Robotic welding machines are not a piece of equipment you can invest in if you’ve pulling pennies from the back of your sofa. However, they are a machine you can invest in if you want to improve your profits for the future.
The price of robotic welding units will depend on the power and reach requirements of the system and the quality of its components as well as the advanced technology of its programming device. Despite a rather considerate initial payment, robotic welders work (24/7 if you need them to) to return your investment.
Robotic welding jigs can be manually loaded with components or loaded with another robot and is some cases a robot has been used to hold the components while another robot performs the welding operation.
Without mistakes, material wastage and downtime, these machines are cost-effective for the long term to get your welding projects completed in good time and at great quality.
Best Robotic Welding Systems
For the best results, you need the best systems. Global market leader Fronius are at the forefront of welding technology and welding robotic systems. With a presence in over eighty countries, Fronius machines are changing the face of welding worldwide with large investments into research and development.
That’s why PWP take a huge amount of pride in providing our valued customers with units from this range that go above and beyond the call of duty for magnificent results.
The following is a summary of the welding processes and their application to robotics:
The MMA welding processes is not suitable for robotic applications.
MIG welding is a robust & tolerant welding process which lends itself to robotic applications.
The CMT process is derived from MIG welding and gives even greater process robustness & tolerance. In some cases, the CMT process can replace TIG or Plasma welding especially for the robotic welding of aluminium alloys.
TIG welding can be problematic in robotic applications, consistence arc starting is an issue and as the wire feed is a separate component to the torch, accesses to the work can be problematic. If the join is an outside corner and not requiring any filler wire (called an autogenous weld) the TIG welding process can be successfully automated using robots.
Plasma welding has many advantages over robotic TIG welding, stand-off tolerance, narrow consistent arc, pilot arc running continually making main arc starting much more consistent and reliable. The down-sides are the filler wire feeding has the same problems as TIG welding and the sophistication of the equipment.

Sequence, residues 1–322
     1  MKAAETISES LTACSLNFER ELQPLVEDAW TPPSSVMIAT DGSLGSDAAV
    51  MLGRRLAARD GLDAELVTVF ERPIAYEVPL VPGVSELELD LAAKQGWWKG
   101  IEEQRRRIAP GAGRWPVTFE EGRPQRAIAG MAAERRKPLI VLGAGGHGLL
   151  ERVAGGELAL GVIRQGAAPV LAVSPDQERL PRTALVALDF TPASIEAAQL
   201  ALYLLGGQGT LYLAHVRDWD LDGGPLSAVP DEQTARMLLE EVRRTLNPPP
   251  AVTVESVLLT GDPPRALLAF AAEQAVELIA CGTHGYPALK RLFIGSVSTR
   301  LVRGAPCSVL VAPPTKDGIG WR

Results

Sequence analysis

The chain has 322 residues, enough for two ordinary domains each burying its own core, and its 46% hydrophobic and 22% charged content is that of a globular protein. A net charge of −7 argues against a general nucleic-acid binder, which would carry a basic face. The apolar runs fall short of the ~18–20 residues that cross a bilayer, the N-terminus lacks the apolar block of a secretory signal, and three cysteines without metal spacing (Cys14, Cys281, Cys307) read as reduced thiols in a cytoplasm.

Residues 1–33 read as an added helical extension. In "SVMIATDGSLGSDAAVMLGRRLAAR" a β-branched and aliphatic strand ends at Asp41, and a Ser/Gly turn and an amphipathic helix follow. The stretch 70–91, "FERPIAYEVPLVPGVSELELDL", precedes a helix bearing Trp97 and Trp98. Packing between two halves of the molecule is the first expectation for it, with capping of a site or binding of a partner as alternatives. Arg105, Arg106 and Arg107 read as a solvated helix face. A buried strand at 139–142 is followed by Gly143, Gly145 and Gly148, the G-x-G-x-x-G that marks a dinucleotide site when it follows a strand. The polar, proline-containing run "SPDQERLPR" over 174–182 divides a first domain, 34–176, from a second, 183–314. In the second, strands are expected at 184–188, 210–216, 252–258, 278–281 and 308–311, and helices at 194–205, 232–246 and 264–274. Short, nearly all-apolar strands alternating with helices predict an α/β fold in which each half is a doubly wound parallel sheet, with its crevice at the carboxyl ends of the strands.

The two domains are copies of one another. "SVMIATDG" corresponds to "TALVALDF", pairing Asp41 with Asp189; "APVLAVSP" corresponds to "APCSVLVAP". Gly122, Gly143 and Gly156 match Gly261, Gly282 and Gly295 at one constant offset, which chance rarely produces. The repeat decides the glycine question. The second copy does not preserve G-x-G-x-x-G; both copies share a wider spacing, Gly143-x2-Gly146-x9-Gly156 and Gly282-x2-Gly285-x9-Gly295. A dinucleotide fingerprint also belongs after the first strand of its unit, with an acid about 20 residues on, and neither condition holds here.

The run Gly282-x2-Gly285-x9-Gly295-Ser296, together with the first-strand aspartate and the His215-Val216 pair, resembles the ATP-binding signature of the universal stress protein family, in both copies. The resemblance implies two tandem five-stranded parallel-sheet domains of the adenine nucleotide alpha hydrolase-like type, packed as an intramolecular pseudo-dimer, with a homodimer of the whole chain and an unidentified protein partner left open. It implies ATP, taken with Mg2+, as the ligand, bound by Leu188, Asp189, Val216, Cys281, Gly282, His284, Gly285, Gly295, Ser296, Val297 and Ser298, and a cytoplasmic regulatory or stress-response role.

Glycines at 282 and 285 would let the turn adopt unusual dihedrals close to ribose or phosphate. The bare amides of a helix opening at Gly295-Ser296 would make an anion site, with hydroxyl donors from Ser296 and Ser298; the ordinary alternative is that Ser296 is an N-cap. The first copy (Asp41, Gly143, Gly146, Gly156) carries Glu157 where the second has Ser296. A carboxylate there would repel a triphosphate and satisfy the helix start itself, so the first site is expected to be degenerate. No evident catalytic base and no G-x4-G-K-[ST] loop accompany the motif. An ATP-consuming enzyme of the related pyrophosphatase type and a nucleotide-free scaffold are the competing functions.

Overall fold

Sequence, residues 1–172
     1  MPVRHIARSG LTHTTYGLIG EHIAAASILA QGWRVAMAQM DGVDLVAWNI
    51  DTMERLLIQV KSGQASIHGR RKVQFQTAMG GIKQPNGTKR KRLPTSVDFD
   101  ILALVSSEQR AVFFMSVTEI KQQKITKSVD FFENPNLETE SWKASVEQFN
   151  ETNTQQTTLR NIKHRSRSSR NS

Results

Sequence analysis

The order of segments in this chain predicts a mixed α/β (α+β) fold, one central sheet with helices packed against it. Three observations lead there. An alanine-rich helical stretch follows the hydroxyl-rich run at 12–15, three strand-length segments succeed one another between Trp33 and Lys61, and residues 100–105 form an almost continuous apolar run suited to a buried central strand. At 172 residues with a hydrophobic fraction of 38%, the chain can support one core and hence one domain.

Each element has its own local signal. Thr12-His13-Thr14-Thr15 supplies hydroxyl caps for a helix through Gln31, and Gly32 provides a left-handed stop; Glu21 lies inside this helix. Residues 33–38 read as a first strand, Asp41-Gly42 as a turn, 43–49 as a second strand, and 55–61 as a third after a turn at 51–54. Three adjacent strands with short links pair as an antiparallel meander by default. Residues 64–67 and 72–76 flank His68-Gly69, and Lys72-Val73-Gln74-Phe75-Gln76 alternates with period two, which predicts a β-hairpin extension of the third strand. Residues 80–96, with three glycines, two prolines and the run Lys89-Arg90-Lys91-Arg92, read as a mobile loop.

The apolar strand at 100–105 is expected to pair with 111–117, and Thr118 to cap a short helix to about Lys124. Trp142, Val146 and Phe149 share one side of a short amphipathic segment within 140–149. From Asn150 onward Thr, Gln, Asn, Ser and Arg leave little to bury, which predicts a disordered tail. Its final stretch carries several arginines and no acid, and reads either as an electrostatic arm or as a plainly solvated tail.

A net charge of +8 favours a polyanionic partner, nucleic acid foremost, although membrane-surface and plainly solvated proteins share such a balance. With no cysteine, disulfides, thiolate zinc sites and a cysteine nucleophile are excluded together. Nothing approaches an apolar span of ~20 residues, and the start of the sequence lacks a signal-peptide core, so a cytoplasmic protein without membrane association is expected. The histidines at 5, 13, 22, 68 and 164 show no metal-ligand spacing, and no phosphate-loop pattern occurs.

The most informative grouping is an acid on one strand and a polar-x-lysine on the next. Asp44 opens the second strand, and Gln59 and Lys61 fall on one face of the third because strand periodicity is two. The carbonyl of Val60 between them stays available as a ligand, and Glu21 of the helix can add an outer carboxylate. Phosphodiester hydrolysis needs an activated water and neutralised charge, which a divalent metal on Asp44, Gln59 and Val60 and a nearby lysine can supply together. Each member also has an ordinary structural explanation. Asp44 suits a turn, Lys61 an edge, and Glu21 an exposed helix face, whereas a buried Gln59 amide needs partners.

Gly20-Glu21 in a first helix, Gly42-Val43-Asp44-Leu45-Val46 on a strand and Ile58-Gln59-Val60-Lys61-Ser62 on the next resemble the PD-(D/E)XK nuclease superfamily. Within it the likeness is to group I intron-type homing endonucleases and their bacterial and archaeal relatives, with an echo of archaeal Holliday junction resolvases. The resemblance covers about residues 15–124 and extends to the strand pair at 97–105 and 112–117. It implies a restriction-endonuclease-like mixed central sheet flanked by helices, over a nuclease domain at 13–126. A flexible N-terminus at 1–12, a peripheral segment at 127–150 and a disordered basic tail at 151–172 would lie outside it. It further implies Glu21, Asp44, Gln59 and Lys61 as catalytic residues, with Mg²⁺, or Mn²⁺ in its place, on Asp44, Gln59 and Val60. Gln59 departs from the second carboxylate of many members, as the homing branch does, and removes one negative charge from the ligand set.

Having said that, plasma welding is sometimes the only process that can make the welding high enough quality.
Resistance welding is very suited to robotic applications. Sometimes the work is moved by the robot in relation to a fixed resistance welding machine and other time the welding head is on the robot which manipulates it around the workpiece. Once again the jigging or fixturing of the workpiece is one of the largest factors ii successfully implementing a robotic setup.
Who uses welding Robots?
With welding, the options are only as limited as your mind can imagine. From Chevrolets to Crates, from flashy Ferraris to Fencing, welding robots are the solution for manufacturers and businesses looking to increase their productivity, safety and reduce their downtime and wastage.
Compared to other welding options, welding robots give an unrivalled precision and pace that is simply not paralleled by human beings on large scale jobs and production lines. Alongside human employees, welding robots can change the way your company succeeds and allow you to venture forward toward ideas you previously thought were impossible.
Where to buy welding robots?
PWP aims to help the Metal Fabrication Industry reach its full potential. We have an unwavering commitment to being a driving force for businesses everywhere that want to further their current system or discover the worthwhile investment of going robotic.
Our skilled team has extensive experience in the welding industry. This means everyone in our sales, administration, finance, store, and service departments are equipped to help you find the welding solution you seek. As a result, we are able to offer all-round assistance, advice and after-sales service.
Bio of Author:
This article was written by Richard Fryer, a partner at PWP Industrial with 24 years of experience.
Passionate about supporting the professional welder and a demonstrated history of supplying products to the welding and fabrication industry, Richard is an invaluable asset to PWP Industrial and contributes toward the end goal of providing innovative solutions.